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Comment: Re:View angles (Score 2, Interesting) 567

by Squapper (#48573085) Attached to: The Case For Flipping Your Monitor From Landscape to Portrait
All monitors are made to be viewed landscape. It's about biology. Our eyes are by nature more accustomed to view wide scenes instead of tall ones. If you feel like flipping your monitor to a vertical format, you probably have a too small monitor. With a properly sized widescreen monitor, two webpages fit nicely side-by-side. Who maximizes browser windows nowdays anyway?

Comment: Re:Welcome back to 2005 (Score 1) 442

by Squapper (#42538969) Attached to: The Trouble With 4K TV
O'rly? I'm perfectly happy with having an 38-inch TV, as my living room couldn't house a larger screen without it being too invasive. Why would i want 4k if it wouldn't create a noticable quality improvement unless i had a huge screen?

Sooner or later, the physical size of consumers living rooms will determine the upper limit for how highres a screen can be.

Comment: Re:Automation and Unemployment (Score 1) 602

by Squapper (#42232021) Attached to: A US Apple Factory May Be Robot City
It's the very basics of capitalism, if you create too much unemployment, the system will collapse. What you need for sustained growth is a large middle class with jobs and money enough to pay for your products. On the other end, making production cheaper and more efficient while keeping the middle class rich enough to consume is what creates economical growth. Luxury items that used to have high production costs and thus be reserved for the rich gets cheaper and becomes available to the lower classes.

With that said, believing that infinite growth is possible in an infinite world is still both unscientific and retarded. While the economical cost of consumtion of luxury goods might decrease due to efficient production, the same is not always true for the ecological cost. At some point we will have to transform to a society where production efficiency increases no longer means that we buy a larger number of iphones every month, where we instead use increased efficiency to work less and increase spare time.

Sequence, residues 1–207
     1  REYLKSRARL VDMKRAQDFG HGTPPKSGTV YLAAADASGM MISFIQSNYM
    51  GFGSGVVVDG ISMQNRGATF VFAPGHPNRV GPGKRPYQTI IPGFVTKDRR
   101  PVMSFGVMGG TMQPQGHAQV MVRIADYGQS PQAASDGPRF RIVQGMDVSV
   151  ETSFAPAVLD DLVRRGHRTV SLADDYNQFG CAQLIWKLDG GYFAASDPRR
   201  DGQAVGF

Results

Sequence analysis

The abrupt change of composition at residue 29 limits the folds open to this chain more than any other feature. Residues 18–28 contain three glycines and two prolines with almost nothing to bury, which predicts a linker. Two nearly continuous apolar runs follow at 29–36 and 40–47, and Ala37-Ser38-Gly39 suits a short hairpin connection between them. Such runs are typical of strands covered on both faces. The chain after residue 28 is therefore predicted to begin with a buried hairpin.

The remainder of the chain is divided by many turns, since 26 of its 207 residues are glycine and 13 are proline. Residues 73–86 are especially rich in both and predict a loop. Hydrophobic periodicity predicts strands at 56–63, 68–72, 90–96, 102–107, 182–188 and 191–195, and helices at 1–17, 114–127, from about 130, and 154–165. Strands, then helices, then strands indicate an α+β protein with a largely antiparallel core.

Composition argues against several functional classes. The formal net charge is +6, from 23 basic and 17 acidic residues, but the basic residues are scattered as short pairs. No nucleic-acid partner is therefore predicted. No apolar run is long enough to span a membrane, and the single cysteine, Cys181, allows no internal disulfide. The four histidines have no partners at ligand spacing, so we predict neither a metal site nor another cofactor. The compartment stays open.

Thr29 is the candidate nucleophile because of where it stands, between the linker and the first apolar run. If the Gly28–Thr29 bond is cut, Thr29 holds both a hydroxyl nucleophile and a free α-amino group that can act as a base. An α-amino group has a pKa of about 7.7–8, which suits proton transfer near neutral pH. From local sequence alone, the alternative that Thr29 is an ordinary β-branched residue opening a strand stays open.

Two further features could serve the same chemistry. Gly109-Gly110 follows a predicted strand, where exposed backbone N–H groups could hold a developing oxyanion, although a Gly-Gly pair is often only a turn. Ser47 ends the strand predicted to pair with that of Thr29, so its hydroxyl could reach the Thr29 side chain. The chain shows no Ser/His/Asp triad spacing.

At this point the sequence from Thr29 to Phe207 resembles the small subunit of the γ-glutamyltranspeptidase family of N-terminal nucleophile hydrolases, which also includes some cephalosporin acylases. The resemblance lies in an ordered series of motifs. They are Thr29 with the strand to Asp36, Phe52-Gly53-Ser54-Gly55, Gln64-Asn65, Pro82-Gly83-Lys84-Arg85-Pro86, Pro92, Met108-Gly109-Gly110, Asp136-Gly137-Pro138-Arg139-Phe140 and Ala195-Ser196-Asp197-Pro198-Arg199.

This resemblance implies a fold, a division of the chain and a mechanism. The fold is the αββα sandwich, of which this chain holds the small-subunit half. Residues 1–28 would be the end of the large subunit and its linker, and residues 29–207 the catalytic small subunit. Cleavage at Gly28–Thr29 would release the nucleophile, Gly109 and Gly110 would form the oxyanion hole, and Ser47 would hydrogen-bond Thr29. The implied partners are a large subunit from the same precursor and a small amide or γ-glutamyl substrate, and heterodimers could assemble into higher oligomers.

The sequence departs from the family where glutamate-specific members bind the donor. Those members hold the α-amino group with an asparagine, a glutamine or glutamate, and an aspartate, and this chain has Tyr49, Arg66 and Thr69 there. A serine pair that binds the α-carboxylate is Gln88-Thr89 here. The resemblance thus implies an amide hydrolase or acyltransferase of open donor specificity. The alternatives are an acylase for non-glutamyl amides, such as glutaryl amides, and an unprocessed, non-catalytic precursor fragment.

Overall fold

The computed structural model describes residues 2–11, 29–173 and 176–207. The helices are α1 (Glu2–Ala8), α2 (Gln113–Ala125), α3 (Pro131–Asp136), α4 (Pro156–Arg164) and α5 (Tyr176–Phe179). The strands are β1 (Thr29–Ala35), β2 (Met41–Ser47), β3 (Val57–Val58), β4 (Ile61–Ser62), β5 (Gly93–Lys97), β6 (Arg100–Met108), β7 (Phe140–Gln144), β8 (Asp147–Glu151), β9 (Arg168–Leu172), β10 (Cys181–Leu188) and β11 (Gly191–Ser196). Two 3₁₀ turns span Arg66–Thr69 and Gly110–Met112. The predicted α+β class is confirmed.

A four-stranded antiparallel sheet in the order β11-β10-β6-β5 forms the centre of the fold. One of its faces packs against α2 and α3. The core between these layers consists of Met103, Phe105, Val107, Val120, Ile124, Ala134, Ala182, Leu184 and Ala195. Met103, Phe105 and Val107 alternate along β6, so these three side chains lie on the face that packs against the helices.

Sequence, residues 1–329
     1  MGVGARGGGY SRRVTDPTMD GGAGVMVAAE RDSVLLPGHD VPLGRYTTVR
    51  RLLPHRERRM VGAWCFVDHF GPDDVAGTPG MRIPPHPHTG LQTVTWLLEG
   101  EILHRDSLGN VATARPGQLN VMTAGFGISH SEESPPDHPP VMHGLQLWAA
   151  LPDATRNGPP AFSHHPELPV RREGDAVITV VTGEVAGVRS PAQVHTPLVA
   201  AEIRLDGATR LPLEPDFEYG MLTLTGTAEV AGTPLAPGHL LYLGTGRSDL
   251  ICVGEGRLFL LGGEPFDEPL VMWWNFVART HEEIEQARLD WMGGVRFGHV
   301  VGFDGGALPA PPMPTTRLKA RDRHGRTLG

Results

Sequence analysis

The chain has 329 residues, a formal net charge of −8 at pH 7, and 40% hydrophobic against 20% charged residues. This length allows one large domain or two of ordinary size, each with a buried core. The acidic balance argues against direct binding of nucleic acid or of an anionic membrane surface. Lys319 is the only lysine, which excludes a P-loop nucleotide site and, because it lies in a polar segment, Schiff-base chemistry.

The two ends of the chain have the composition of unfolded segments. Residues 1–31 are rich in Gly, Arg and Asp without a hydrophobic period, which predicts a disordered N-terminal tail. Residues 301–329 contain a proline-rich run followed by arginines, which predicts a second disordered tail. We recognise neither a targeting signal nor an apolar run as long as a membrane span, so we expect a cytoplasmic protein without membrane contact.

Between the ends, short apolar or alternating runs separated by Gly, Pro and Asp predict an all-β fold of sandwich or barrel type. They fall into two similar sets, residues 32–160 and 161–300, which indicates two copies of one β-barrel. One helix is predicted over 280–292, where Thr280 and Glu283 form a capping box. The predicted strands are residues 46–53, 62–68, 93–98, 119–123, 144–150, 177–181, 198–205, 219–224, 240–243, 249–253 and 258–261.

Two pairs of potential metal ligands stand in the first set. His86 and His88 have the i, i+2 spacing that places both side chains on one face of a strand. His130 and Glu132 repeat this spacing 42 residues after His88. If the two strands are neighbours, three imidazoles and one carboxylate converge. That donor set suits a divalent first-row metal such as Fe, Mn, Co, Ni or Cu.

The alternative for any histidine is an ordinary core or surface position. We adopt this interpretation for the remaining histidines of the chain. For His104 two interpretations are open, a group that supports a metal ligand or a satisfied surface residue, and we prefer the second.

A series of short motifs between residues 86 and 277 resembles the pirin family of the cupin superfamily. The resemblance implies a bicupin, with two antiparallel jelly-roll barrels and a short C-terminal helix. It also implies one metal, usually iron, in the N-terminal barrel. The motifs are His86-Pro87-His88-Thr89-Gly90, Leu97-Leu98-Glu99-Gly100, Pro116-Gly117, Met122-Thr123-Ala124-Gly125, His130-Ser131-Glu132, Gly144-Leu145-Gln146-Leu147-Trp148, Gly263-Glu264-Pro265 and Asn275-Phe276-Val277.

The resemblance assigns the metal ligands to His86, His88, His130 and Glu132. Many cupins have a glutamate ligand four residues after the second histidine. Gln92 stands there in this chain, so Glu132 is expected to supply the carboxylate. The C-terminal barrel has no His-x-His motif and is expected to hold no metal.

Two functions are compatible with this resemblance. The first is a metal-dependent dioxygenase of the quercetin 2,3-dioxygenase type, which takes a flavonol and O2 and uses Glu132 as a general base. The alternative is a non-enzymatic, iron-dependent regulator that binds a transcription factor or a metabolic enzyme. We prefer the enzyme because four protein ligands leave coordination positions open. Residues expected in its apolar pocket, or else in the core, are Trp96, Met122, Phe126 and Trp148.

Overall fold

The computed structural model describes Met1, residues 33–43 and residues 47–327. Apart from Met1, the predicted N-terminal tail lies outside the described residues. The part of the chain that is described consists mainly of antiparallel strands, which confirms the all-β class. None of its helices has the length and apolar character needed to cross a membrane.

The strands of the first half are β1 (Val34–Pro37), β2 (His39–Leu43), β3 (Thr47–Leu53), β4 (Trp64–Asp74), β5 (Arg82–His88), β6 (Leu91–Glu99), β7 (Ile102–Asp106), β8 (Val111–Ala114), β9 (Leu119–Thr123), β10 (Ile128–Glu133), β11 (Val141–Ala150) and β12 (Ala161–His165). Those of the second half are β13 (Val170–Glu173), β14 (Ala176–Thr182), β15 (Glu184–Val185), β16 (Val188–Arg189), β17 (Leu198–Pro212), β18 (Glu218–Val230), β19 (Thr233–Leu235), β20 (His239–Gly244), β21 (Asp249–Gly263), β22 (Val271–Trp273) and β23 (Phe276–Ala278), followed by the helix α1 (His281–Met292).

If you ask an scientist working with climate change, i guss he/she would say that we already have passed that point..

Comment: Re:Lame article (Score 2) 150

by Squapper (#34751818) Attached to: How To Make a Good Gaming Sequel
I am a game developer, and i fully agree. This article didn't teach me much...

Also, it's funny how non-developers looks at the concept of a "game engine". Any time that a game studio releases a tech demo and proclaims "this is our new game engine!" it's almost always the old one with improvements. Might be as little as tweaked shaders and new 3d-art.
A game i worked with got a "best technology" award from a magazine in the end of the last year. What the frak do the reviewers know about our tech anyway? For all i know, we used some quite instable and often non-revolutionary tech to piece together a game that looks different from others.

Comment: Re:Fuck you, developers. (Score 5, Insightful) 261

by Squapper (#34194172) Attached to: When DLC Goes Wrong
As a senior game developer, i can tell you that no game released nowadays is EVER complete. And trying to making a game complete is like trying to write all the digits of Pi. It cant be done, you just have to draw the line somewhere and say "this is good enough". We work until our employers pry our hands from the keyboards and force us work on a new project. Then we sneak back and work a little bit more on the old one either because we are ashamed of the quality or because we love the project. And we HAVE to move on to new projects, otherwise game development would not be economically feasible and there would be no AAA projects such as the ones mentioned in TFA.

And the point of doing minor DLC is not to make money from it directly. The point is to give a promise to the consumers that there will be DLC shortly, and make them hold on to their copies instead of reselling them, which would bring zero money to the publisher. This is not some theory of my own, it is what our publishers tell us when they are ordering us to do minor DLC. Why they charge so much for stuff that would have done it's job perfectly when released for free is beyond my understanding though.
It's funny that the example in TFA where the true strategy was most obvious, the DLC for Alan Wake, was where the author was most happy with the product...

Comment: Re:I would approach teaching that course... (Score 2, Insightful) 172

by Squapper (#33604850) Attached to: Teaching Game Development To Fine Arts Students?
To be a successful artist in game development you need a sturdy technical foundation. No need to be a engineer, but you definitly need to be a geek and have a strong passion for games.

I have been a game developing 3d-artist for many years, and i'd rather hire a geek that became an artist than a "fine artist" that learned to do 3d.

Comment: Re:Project Offset (Score 1) 184

by Squapper (#33570938) Attached to: <em>Wolfenstein</em> Gets Ray Traced
Yes they had some impressive tech and good artists, but about every experienced game developer in the field (including me) realized that super-ambitious projects started by a handful of indies in a basement rarely makes it to the shelves nowadays.

If you want to create a hit as an indie startup, you make something like Braid or Limbo.

What this country needs is a dime that will buy a good five-cent bagel.

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